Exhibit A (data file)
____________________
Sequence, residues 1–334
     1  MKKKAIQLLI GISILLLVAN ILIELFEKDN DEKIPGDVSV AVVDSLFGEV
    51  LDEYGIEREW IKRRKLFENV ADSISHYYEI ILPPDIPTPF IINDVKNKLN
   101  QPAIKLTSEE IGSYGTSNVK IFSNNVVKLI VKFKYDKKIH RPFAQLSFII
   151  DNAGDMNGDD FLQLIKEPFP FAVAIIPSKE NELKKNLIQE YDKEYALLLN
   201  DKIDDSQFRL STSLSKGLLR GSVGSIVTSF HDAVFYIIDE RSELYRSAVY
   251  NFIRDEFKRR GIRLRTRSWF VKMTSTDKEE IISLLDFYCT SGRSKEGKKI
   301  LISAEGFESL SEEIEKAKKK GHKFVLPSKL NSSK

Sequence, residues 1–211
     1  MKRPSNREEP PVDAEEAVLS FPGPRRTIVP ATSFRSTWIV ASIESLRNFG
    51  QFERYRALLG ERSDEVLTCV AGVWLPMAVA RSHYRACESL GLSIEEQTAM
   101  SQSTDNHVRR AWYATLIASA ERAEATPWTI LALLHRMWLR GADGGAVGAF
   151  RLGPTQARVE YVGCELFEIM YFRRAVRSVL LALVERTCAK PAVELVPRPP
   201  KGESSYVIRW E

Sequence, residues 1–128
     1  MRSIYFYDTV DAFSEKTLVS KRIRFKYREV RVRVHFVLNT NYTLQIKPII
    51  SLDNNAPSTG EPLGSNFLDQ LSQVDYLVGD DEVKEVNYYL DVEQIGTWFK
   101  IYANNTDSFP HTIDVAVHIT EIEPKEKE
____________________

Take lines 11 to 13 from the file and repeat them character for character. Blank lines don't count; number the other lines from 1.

    51  QFERYRALLG ERSDEVLTCV AGVWLPMAVA RSHYRACESL GLSIEEQTAM
   101  SQSTDNHVRR AWYATLIASA ERAEATPWTI LALLHRMWLR GADGGAVGAF
   151  RLGPTQARVE YVGCELFEIM YFRRAVRSVL LALVERTCAK PAVELVPRPP